However, nothing could be further from the truth. The natural coloring in turmeric can worsen the appearance and resistance of yellow teeth. Similar to clothing, eggs, or tiles, turmeric always seems to stain things. It does not remove stains, period. Most patients who desire teeth whitening are dealing with stains and buildup on the surface of their teeth. This is perfectly normal, as anything you use repetitively for years will show some signs of wear and tear.
In other words, the last thing you want to do is to apply products that will further stain the teeth. Further, the microscopic ridges on the surface of your teeth are a magnet for food particles and remnants. Dark foods, such as coffee or dark vinegar, stand out more than most when it comes to staining.
4) Apple cider vinegar
Vinegar's multi-purpose cleaning & sterilizing reputation is substantiated, and this has rightfully earned it a place on kitchen countertops around the world. It's a familiar product in households around the country, however, it should not be considered a good product to use for teeth whitening.
Its acidic properties make ACV an excellent product for tackling grime, glue, pests, and soap scum. However, this effectiveness sadly doesn't extend to teeth whitening. Rubbing a dash of vinegar against your teeth can progressively destroy tooth enamel. Swishing apple cider vinegar places your teeth in direct contact with a highly acidic substance that does more harm than good.
5) Lemons and baking soda
Another misconstrued case of using acid-based cleaners as teeth whiteners is a blend of lemon water and baking soda. Let's be clear, this does not instantaneously make your smile bright or white. The acid within the lemon juice will erode tooth enamel.
Consequently, this opens the door for faster tooth decay with continued use. While it is true that several toothpaste brands contain traces of baking soda, it is also true that the American Dental Association has not given the green light on a pure baking soda toothpaste.
6) Activated charcoal scrubs
This DIY's popularity has been growing for several generations. Using activated charcoal on teeth isn't a new hack to getting a whiter smile. It's on most of our parent's and grandparent's list of natural remedies. However, new research tells us this home remedy can cause problems with the gums - even though it may help to brighten teeth in the short-run. The notion is that a mixture of activated coal, baking soda, and coconut oil is the key to a perfect smile, is troubling. There is very little evidence backing this up. What's more, dentists have held activated coal responsible for gum irritation and inflammation in addition to enamel damage.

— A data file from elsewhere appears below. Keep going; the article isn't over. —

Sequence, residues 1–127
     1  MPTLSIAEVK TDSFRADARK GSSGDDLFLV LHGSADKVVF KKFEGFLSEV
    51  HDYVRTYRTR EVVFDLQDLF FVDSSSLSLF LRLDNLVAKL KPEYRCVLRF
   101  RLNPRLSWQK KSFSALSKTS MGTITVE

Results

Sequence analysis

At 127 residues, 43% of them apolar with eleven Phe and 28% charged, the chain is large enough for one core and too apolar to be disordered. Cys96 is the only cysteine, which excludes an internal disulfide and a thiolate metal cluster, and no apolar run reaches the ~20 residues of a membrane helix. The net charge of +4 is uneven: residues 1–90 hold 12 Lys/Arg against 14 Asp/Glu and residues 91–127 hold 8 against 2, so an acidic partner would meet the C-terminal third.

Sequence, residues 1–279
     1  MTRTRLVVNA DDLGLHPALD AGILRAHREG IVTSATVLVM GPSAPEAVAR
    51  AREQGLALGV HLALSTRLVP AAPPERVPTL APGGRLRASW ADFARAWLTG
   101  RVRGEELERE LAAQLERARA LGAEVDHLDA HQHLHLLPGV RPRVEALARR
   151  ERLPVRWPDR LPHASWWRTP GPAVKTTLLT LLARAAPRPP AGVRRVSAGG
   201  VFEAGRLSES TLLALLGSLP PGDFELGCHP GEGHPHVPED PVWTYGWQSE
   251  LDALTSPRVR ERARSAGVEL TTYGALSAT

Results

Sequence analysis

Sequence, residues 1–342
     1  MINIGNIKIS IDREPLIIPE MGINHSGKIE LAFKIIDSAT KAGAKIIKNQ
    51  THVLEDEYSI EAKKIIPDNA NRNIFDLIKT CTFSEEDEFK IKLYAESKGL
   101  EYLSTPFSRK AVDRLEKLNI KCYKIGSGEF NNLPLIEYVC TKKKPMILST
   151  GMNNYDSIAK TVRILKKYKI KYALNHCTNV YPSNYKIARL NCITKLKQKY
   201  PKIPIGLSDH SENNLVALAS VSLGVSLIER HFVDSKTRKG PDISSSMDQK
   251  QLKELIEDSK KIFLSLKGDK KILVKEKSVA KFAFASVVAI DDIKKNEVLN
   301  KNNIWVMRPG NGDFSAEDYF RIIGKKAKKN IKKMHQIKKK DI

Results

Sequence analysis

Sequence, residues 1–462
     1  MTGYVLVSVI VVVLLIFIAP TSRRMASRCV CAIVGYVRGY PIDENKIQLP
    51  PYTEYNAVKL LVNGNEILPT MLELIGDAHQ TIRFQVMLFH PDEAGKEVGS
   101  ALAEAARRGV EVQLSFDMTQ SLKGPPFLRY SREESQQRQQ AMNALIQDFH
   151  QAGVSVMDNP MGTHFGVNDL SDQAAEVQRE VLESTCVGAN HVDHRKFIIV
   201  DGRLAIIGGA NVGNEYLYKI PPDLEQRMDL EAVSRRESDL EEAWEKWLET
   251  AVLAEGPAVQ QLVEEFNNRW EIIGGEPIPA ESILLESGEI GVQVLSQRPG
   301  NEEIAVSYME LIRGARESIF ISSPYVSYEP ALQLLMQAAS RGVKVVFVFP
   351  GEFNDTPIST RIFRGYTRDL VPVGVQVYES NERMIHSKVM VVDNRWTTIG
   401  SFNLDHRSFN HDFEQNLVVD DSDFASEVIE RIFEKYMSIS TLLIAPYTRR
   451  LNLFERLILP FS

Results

7) Coconut oil
Daily swishing with coconut oil tackles a variety of dental problems including bad odor, deteriorating cavities, and gingivitis, or so it's been said. However, such claims remain just that with scientific studies finding no link between coconut oil and it's healing capabilities.
There is evidence to support the contrary though. There have been some reported cases of stomach upsets, diarrhea, and tooth decay resulting from the use of coconut oil in a process called oil pulling.
Oil pulling, an Ayurvedic practice of swishing oil in your mouth, is not necessarily bad for you. However, it won't clean your teeth or cure anything else for that matter. The reason it makes teeth whiter is that most of the plaque buildup on your teeth is not water soluble, but fat-soluble. This means that oil pulling may create a whiter appearance, but it's not going to treat the root of the problem - making it only a short term fix, but not a true solution.
Nothing beats the expertise of a professional when it comes to teeth whitening. Don't turn to the internet for help with whitening your teeth, as it can lead you down a path of distraction, and in some cases, irreparable damage. Instead, look to your local dentist for a long-term sustainable recommendation.